For Todd Hertner, owner of Rebuild LLC, incorporating local into his remodels means patronizing area businesses as much as he can. “I always stick with the same local companies as much as possible,” he said. “Unless someone picks something really funky and I can’t find it at my regular places.” He said he does everything he can to source as many of his materials and supplies locally. That means procuring millwork and wood trim from area companies, not from huge suppliers who ship it over from China on huge containers. Not only are products like that sometimes inferior to what’s produced stateside, but Hertner said he also thinks about how many more fossil fuels and resources it takes to produce those and ship them from far away. “You start looking into it and it really starts to freak you out,” he said.

One way that Metke is able to incorporate local components in some of his projects is by work- ing regularly with companies like rogue Valley Door in Grants pass and Summit Woodworking in Oregon City for most of his front door assemblies.

Depending upon the client, some remodelers will also try to incorporate other locally sourced materials or reclaimed items found nearby at places like Habitat for Humanity’s reStore or the reBuilding Center.

One project by HBAMP member Birdsmouth Construction, a Portland residential construction services firm, which was highlighted on Houzz, featured a small bathroom remodel with custom-built cabinets made from locally sourced madrone wood. Similarly, Hammer & Hand, a Portland and Seattle based builder and remodeler, built several unique trestle tables for the Alberta Street location of ice cream purveyor Salt & Straw, which itself is known for incorporating plenty of local ingredients. The tables are made from yellow pine salvaged from a demolished high school in Yakima, Wash.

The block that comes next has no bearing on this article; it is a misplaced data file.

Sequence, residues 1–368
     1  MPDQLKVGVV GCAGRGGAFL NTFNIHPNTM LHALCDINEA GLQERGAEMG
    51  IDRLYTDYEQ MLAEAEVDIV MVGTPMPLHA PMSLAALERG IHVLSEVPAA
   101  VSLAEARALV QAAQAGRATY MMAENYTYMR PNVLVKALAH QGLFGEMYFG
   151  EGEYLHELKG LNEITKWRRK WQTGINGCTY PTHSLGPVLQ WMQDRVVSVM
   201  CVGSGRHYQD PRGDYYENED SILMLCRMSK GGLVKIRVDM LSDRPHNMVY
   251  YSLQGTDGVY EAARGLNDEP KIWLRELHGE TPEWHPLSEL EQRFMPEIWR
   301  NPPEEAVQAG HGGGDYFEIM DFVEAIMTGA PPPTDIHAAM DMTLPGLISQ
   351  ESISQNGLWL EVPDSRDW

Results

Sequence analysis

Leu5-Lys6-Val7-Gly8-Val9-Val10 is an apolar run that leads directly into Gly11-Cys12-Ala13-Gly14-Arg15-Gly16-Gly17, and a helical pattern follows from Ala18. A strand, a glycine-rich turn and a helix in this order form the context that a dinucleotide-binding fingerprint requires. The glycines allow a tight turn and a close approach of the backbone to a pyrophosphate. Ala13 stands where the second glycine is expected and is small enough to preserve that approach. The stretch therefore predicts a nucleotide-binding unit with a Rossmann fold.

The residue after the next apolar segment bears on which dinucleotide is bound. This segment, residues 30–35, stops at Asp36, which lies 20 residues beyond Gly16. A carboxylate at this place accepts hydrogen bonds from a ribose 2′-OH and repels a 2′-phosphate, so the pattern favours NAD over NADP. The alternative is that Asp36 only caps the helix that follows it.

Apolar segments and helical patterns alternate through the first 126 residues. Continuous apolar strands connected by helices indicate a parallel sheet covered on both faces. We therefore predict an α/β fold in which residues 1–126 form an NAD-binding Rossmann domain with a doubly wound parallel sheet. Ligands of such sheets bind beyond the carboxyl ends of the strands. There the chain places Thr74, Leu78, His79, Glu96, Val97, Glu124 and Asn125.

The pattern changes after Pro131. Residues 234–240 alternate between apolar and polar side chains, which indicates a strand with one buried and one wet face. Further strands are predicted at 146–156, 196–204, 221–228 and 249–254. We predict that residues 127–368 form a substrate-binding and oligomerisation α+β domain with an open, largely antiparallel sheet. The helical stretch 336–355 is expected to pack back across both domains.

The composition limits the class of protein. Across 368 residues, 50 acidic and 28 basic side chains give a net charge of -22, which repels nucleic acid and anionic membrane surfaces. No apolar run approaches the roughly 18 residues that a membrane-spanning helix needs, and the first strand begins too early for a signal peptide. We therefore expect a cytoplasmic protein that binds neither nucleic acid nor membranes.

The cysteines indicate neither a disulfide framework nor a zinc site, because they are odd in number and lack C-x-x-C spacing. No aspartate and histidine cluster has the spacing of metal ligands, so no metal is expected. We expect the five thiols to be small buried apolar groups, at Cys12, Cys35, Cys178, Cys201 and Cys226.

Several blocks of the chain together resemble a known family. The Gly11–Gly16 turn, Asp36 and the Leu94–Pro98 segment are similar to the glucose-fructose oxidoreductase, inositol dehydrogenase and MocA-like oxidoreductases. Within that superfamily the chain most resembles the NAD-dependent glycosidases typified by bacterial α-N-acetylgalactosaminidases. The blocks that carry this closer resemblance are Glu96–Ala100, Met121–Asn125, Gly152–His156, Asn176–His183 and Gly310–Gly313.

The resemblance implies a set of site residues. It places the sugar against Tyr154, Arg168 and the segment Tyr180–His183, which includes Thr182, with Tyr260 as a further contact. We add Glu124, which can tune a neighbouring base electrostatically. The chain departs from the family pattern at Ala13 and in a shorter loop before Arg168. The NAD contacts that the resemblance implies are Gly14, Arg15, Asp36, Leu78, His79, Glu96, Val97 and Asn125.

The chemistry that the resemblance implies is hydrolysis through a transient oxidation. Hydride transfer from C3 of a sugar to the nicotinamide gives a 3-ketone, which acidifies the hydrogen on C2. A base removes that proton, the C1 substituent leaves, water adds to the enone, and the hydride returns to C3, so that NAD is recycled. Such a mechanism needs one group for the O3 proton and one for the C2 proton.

One of the big benefits of keeping it local when it comes to remodeling is enhanced customer service from vendors. If problems do arise, there’s no trying to get through to an overseas call center. Matters can be tended to with a local call or even an office visit.

The reality behind locally sourcing for a remodel, however, is that it’s not often the easiest
approach to take. For one, there is often a substantial price difference for locally-produced materials. The local selection might not be as broad either.

“A lot of times it comes down to availability and price,” Metke said. “All of that weighs into it, so the idea of local gets tempered against the idea of whether it’s somewhat cost effective or not.”

In addition, some remodelers just don’t see a huge demand for locally-sourced projects. The idea may be nice, but it’s more of a fringe benefit and not something that really drives a project.